I’ve been running the landy on 50/50 veggie to diesel with no problem, but now the colder mornings are creaping in she is starting to get a little grumpy. Once warmed up the landy performs as usual without any clear difference (although people do feel compelled to tell me that it smells like a chip shop). I’ve added a heater element around the fuel filter which just cut’s off by thermistor when it reaches 90 degrees and kicks back in at 70; but this is just not enough for the colder mornings and days.
So, I’ve invested in something to make the veggie oil a little bit warmer (and therefore runnier) – it’s from Vow2. I’ve bought the VOW2DW+ unit which heats the oil from a couple of glow plugs and plumbs into the heating system of the engine. It pre-heats fuel on the way to the filter and warms it nicely on route to the pump and injectors.
Picture of the kit purchased.
First off was the put the unit roughly in place and measure out the fuel pipes. It’s a bit messy cutting into the fuel pipes and removing the old connectors so don’t forget to put something under the fuel filter to catch the muck. Start with the pre-heater pipes as they are quite easy: take the fuel feed pipe from the fuel filter (i.e. the one that runs from the fuel lift pump to the fuel filter) – don’t forget to remove and keep the connector and the banjo bolt as you’ll need to re-use them on your new pipe. Measure and connect the heat exchanger inline (fuel lift pump->heat exchanger and heat exchanger to fuel filter in).
Next work on the fuel line from the fuel filter to the injector pump. Again the heat exchanger needs to be in-line so work on the fuel filter->heat exchanger and then heat exchanger->fuel pump. Don’t forget to put the small see through fuel filter inline before the pump – this will give you an idea of the level of waxing and will show you if you have any air ingress into the fuel system.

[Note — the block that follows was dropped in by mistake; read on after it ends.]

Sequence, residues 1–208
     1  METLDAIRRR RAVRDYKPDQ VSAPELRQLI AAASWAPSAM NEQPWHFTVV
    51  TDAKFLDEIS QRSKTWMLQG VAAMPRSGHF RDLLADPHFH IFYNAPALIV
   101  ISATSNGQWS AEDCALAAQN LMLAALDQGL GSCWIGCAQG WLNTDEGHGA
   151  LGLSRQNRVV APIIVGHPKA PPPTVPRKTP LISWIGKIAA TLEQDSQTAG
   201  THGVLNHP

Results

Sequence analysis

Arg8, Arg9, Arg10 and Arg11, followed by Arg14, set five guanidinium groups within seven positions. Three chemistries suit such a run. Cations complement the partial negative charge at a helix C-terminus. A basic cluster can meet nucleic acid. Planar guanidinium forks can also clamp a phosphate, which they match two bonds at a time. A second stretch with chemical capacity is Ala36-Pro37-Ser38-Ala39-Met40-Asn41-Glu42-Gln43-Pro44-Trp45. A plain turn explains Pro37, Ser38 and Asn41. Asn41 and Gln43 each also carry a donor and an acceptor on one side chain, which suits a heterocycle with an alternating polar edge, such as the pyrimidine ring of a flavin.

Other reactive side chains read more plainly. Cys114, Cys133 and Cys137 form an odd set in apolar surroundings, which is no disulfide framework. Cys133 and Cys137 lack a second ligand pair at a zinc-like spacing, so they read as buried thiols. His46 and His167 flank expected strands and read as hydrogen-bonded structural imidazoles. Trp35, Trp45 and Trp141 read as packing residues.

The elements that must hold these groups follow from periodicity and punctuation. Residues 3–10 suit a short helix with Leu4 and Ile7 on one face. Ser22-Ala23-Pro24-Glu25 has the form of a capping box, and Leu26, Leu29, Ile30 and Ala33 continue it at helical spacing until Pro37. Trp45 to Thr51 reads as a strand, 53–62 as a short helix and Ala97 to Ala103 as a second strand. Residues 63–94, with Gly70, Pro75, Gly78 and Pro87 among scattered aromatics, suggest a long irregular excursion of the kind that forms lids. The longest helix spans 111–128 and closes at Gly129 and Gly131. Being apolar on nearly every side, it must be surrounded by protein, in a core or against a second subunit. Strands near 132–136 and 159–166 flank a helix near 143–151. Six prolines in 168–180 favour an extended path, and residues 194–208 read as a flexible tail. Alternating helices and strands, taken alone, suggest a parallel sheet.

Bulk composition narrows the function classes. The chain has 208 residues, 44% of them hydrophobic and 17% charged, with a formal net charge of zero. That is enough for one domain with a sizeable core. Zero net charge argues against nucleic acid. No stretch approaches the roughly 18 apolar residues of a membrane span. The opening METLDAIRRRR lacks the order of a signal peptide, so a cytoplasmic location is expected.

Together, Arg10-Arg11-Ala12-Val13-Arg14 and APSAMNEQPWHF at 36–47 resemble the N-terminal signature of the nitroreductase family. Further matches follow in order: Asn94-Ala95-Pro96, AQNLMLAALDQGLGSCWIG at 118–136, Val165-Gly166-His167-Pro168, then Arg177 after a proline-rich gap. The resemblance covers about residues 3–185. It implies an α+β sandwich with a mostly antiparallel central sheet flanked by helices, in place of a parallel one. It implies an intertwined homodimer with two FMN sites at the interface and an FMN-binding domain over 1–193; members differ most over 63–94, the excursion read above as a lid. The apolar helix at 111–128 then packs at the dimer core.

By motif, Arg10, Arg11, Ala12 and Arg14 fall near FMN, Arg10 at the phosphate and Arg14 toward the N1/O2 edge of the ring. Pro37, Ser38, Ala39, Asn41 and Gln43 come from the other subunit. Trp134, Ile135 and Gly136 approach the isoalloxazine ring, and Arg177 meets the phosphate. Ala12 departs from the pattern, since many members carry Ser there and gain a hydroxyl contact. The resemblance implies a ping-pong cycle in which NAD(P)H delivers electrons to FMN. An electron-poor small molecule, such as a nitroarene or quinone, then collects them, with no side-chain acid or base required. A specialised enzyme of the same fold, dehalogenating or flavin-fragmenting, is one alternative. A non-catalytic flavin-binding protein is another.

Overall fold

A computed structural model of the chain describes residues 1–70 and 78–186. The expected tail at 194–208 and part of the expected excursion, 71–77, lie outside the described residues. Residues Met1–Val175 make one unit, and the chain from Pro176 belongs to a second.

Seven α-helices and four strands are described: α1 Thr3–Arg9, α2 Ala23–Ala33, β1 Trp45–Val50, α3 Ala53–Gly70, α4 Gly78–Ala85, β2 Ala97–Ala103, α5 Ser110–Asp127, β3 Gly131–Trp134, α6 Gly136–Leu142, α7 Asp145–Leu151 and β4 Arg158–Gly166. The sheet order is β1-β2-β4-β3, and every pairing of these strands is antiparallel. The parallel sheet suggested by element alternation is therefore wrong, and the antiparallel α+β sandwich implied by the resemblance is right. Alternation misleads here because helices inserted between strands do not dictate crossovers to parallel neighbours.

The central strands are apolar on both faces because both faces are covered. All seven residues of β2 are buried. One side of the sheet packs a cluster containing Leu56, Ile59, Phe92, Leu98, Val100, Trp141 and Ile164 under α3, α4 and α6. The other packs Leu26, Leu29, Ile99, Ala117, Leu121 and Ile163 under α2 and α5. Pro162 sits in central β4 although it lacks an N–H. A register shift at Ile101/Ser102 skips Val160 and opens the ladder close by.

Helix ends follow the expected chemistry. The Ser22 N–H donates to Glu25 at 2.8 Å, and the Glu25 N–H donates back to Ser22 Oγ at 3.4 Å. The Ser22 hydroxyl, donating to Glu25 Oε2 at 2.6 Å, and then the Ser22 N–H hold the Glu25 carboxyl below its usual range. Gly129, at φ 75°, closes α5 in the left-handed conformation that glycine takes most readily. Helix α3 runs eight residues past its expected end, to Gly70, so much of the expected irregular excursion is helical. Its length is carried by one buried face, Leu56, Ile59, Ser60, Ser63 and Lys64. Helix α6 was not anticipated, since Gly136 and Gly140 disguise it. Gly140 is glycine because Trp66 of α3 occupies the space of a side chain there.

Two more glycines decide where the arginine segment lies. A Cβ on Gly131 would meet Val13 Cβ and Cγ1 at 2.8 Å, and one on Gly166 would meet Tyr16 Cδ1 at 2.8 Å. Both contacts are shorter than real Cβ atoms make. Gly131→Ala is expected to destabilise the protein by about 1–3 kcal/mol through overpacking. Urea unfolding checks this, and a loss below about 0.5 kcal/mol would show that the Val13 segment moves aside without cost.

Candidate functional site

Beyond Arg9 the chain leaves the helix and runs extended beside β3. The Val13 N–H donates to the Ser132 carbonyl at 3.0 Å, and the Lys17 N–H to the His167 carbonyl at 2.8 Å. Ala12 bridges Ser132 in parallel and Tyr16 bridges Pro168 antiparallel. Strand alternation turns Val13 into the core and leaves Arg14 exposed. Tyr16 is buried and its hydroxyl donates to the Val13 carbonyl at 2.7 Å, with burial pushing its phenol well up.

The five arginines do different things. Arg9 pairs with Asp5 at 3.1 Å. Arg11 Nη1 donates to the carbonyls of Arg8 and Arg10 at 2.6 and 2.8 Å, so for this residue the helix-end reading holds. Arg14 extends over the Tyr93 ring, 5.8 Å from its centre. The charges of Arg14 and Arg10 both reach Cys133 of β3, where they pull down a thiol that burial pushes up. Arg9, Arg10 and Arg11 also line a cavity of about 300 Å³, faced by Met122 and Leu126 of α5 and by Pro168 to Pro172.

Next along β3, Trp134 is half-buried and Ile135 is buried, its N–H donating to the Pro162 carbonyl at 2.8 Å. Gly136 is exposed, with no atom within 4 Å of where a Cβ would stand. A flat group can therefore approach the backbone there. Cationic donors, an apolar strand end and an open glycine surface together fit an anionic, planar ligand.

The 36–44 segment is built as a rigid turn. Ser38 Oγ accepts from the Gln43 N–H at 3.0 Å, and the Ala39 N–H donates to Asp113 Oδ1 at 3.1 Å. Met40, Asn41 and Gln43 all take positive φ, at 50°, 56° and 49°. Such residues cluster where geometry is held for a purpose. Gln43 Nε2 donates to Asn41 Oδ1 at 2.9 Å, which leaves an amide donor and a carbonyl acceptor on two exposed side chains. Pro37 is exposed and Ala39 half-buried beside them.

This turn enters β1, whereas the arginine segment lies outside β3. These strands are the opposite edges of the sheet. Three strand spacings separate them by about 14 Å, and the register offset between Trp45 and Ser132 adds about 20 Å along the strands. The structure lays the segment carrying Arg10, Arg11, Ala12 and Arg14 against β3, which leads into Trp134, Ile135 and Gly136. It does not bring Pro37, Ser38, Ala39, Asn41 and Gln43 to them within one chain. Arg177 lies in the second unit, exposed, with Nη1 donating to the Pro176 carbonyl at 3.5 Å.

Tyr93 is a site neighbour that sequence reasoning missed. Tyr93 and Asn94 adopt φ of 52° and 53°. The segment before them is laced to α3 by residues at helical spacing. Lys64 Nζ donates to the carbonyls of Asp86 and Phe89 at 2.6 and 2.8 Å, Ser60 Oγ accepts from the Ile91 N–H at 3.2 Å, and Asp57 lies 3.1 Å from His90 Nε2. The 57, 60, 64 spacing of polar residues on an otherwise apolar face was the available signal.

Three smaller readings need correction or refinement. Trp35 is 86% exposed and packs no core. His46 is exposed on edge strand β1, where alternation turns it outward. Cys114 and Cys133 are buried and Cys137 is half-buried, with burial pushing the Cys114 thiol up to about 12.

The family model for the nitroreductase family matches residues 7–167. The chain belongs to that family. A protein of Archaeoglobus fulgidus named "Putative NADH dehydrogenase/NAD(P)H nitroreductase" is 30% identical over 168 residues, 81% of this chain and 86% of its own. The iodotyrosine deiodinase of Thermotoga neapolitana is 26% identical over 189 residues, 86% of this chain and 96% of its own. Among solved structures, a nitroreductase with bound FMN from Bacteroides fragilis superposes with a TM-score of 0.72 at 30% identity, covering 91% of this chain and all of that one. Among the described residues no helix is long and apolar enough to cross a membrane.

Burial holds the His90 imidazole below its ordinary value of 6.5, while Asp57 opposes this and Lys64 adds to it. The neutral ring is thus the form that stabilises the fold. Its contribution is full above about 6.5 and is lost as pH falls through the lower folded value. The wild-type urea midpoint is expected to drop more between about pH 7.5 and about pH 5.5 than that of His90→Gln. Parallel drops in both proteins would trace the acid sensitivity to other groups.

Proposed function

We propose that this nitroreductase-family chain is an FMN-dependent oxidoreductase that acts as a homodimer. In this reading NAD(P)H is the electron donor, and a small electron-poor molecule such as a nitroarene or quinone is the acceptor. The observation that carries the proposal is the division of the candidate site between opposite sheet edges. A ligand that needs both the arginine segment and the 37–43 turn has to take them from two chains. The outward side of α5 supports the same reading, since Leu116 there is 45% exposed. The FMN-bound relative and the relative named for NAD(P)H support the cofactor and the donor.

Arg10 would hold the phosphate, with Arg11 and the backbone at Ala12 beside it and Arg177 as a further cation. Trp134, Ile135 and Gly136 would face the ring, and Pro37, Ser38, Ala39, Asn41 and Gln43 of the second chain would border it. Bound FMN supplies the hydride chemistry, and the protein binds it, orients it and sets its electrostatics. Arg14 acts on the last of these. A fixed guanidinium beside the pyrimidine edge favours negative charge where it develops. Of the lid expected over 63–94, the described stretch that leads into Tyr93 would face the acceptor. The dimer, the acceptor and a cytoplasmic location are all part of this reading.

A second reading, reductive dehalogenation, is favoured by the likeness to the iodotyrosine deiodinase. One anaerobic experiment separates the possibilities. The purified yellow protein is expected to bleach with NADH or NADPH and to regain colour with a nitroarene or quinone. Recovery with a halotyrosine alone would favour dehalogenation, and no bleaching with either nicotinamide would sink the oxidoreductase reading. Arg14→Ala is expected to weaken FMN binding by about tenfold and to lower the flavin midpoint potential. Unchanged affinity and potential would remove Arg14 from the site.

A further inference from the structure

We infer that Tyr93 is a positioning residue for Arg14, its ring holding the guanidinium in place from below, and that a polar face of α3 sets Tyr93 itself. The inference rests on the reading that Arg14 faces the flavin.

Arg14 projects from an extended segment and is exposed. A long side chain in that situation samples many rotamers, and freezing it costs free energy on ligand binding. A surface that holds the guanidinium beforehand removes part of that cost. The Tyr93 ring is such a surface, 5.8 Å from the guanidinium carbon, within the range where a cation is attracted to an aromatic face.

Picture below is the basic unit with fuel pipes cut to size and connectors added.
As the location I’ve chosen for my heat exchanger is easy to get to for the fuel lines, it figures that the location is also difficult to get to for the heater water. But with a few 15mm household copper pipes, bends and a blow torch I’ve put together something that neatly allows me to cut through the inbound heater matrix water pipe (that has give or take a 15mm internal diameter). So, heater matrix inbound hot water is cut about 10cm short and plumbed directly into my 15mm copper pipe work which runs directly into the heat exchangers water input. I’ve used rubber hose connections between the copper and heat exchanger to reduce vibration. Next a short run from the heat exchanger water out to the original water heater matrix input in the bulk head. I’ve used copper to give me a good neat angle and to avoid pipes rubbing or kinking.
Now in situ with water pipes connected (in-line via the heater matrix feed). It’s a little difficult to see, so I’ll do some better photo’s later.
At the moment it’s all just water heated, but boy does it get hot! With 80/20 (diesel/veggie oil) and outdoor temperatures of 2-5 degree’s C in the morning it all works just fine*. Next up are the electrics – with those in place I should be able to run higher levels of veggie oil without any of the ‘cold start’ problems.
*the definition of fine in this case is a few (well a lot) of glow plug action before starting the engine and perhaps even a few attempts to start. You need a good and working battery!